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As you probably know, Japan has a long, long history complete with many, many historical landmarks. You could spend your entire life making it a goal to visit all of them, or you could take it genre by genre. The Imperial Palace grounds? Not too bad, they’re mostly in one area. Shrines and temples? Good luck, you’ll need years.
Castles might be a little easier. No matter which prefecture you visit in Japan, there’s bound to be a castle in the area. Of course, they’re all different – some are overwhelmingly grand and almost like museums, while others are just empty remnants of what the castle used to be (though every castle has a beautiful view once you reach the top).
So how do you know which castles are worth going to and which are better off leaving for a rainy day? TripAdvisor is here to help you out. They recently made a castle ranking based on visitors’ word of mouth – a “We’re glad we went here!” ranking. Check this list out before planning your trip – castles can be a good time for all, from kids to adults, if you go to the right one during the right season!
1. Kumamoto Castle (Kumamoto Prefecture)tetedelart1855/Flickr
Kumamoto Castle is located on the southern end of Kyushu and is considered one of the three most important castles in Japan next to Himeji Castle and Matsumoto Castle. Part of the castle burned down in 1877, and the remaining 13 buildings have since been re-fortified and restored to be the castle site you can see today.
The Japan Castle Federation considers Kumamoto Castle to be one of the 100 finest castles in the country, and the site is an Important Cultural Property.
A castle descended from heaven: The scale is large, and it has the feel that it was definitely built by Kiyomasa Kato. No matter where you walk in Kumamoto, you can see the castle tower through the crevices in the buildings. One day is not enough to take in the entirety of the castle.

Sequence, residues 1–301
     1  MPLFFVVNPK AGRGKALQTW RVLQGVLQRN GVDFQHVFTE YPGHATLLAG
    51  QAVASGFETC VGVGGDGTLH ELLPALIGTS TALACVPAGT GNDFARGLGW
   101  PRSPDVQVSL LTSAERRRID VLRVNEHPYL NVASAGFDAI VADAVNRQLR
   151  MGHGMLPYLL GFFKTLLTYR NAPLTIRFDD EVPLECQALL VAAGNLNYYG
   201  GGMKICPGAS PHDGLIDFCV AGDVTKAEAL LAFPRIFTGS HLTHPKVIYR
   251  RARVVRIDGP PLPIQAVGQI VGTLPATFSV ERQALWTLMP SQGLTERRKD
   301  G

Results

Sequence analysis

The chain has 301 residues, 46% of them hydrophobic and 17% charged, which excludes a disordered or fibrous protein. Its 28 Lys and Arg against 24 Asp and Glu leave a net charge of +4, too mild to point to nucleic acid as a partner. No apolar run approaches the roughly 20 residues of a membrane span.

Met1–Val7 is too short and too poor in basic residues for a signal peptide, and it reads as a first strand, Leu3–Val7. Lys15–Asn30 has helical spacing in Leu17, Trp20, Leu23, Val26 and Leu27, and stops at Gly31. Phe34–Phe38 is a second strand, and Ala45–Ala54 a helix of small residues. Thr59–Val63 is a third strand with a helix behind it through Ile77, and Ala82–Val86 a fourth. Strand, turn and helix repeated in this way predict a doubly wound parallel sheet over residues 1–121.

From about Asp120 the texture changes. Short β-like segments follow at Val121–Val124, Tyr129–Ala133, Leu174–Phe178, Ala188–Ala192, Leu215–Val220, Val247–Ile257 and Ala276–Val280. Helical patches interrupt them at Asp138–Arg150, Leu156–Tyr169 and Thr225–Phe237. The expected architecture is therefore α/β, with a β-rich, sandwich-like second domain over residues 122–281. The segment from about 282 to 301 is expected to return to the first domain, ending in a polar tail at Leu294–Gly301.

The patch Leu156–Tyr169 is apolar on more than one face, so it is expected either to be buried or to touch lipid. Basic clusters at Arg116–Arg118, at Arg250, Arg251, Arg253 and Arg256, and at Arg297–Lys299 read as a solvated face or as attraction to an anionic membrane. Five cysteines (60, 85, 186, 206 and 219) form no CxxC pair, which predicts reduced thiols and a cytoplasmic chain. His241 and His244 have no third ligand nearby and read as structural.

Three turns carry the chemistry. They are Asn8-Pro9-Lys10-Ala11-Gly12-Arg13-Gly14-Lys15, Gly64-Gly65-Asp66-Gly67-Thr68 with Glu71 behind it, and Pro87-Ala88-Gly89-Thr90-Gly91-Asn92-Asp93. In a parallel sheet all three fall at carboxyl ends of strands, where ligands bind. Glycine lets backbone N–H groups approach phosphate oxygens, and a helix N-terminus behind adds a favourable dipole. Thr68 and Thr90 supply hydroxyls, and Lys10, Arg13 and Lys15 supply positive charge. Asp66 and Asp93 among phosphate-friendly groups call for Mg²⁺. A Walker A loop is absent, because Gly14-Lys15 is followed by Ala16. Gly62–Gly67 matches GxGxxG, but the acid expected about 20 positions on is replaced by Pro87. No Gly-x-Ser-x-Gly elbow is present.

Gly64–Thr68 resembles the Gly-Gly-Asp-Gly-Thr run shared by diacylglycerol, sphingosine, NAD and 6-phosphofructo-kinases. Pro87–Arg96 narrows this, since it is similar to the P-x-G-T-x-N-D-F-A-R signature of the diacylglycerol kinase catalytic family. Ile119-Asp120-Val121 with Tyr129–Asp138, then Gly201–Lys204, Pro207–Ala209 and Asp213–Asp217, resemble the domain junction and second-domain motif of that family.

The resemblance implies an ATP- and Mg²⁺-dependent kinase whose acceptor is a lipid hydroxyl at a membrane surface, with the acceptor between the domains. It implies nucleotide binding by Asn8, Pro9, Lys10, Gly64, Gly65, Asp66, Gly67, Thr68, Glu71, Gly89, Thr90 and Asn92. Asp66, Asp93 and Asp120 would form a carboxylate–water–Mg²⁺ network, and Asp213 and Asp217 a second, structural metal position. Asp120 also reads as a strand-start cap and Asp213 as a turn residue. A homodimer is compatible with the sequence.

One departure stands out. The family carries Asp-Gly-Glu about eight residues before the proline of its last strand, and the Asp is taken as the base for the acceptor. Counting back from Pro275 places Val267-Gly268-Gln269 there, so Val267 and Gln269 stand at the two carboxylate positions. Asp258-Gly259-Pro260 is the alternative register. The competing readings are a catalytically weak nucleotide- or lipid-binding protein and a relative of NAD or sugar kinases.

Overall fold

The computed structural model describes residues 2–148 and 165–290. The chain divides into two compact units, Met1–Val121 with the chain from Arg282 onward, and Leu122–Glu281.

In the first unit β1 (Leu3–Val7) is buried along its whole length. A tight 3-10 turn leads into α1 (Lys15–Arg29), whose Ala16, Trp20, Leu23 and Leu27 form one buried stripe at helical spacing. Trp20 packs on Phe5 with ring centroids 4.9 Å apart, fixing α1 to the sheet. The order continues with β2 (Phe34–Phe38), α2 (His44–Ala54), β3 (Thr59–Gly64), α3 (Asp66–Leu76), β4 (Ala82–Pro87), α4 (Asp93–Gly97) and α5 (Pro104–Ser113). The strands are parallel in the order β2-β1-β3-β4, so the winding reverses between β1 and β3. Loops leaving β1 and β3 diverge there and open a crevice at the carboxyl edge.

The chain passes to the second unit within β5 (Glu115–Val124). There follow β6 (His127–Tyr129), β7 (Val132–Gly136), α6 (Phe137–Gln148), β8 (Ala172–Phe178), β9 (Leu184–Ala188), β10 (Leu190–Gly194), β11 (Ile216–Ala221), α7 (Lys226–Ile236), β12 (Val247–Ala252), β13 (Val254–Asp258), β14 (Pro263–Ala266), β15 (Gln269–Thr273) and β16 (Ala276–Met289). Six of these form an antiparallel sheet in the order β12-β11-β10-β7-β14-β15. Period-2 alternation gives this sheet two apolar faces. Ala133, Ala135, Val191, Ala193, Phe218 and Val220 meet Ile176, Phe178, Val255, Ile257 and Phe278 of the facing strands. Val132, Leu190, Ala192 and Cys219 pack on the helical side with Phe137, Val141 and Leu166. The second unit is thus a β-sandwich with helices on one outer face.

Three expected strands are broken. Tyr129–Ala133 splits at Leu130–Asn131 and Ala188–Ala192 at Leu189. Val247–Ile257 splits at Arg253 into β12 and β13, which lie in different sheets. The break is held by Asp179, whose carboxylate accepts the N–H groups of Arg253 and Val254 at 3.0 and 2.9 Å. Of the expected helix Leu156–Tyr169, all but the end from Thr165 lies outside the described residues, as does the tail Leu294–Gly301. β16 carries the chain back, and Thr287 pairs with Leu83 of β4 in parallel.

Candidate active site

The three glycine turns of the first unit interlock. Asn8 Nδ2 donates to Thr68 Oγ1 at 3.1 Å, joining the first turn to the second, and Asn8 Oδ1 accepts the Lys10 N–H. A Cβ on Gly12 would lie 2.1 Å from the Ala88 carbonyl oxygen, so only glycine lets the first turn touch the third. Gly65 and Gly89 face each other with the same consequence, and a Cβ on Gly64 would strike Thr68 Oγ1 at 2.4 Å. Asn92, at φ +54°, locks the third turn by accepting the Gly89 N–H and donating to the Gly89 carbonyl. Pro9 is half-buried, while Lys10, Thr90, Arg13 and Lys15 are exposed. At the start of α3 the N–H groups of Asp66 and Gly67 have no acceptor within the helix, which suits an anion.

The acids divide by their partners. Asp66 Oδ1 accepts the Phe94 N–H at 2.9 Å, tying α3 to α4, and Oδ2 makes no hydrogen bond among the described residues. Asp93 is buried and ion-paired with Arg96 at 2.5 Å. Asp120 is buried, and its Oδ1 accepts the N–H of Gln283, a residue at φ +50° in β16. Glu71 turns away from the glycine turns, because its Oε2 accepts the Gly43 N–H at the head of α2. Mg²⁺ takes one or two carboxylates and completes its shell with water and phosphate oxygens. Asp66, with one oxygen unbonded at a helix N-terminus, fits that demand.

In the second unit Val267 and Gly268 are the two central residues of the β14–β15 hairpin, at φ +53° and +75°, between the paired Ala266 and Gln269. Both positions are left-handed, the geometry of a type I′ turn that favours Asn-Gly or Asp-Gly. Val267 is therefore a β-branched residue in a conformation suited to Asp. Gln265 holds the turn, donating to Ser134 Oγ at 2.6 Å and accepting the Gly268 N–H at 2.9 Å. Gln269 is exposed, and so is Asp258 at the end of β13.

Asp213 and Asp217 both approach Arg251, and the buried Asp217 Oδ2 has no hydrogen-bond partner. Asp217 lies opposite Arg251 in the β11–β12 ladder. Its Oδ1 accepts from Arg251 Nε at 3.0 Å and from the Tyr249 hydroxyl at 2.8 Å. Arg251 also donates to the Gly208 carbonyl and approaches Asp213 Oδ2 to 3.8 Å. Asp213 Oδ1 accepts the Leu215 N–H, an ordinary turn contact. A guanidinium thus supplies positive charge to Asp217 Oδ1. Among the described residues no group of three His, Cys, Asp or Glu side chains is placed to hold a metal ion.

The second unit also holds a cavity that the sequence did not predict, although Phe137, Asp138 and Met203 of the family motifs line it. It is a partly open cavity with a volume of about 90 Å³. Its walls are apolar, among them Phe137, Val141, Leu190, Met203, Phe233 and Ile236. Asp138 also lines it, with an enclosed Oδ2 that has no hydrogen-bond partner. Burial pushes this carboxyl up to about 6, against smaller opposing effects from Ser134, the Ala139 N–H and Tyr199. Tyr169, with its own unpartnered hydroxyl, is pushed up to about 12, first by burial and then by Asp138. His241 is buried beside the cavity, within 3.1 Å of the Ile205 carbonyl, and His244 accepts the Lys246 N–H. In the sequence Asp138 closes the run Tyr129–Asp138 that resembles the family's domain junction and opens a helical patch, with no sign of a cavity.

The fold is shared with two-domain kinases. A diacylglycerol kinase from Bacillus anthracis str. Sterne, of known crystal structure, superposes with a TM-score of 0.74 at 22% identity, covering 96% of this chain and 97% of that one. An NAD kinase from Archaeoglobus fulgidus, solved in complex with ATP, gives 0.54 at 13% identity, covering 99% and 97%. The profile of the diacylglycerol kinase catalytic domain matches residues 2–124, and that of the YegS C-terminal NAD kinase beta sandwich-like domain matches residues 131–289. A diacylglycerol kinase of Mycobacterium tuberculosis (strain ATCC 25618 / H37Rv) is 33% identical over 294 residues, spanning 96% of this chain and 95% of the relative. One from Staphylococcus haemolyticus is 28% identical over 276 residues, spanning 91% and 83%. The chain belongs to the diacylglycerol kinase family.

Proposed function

2. Matsuyama Castle (Ehime Prefecture)
Matsuyama Castle was built in 1603 on Mt. Katsuyama. The original castle tower was struck by lightning in 1784; the current castle tower was built sometime in the mid-1800s. The castle has undergone a large-scale renovation and is now, as Matsuyama city calls it, in “pristine condition just as it was.”
Picturesque castle overlooking the city of Matsuyama. We found the museum to be quite interesting too. It’s well worth taking time to really explore the castle grounds, though we moved pretty quickly to avoid getting caught in rain that day (which prevented us from seeing more of the gardens, for example).
On a sunny day, this would be a wonderful place to spend a few hours.
3. Himeji Castle (Hyogo Prefecture)かがみ～/Flickr
Himeji Castle is the largest castle in Japan, as well as one of the most important. It is also considered to be the example of Japanese castle architecture. It was one of the first Japanese UNESCO World Heritage Sites and was registered in 1993. The castle contains several National Treasures in its infrastructure, including the castle tower, or keep.
The castle is often referred to as a white egret or white heron because it is said to look like a large white bird about to fly. Because of its size and grandeur, it is often chosen to represent Japan in movies, both local and global (you may remember it from the 1967 James Bond film You Only Live Twice).
If you can experience this castle in cherry blossom time it’s extra special. Anyhow, whenever you go it’s the best castle in Japan. Believe me… I’ve lived there 17 years and have been checking them all out! 🙂
It’s very convenient to the station, which is close to Kyoto. So it should be easy to include in your trip – please do, you won’t regret it.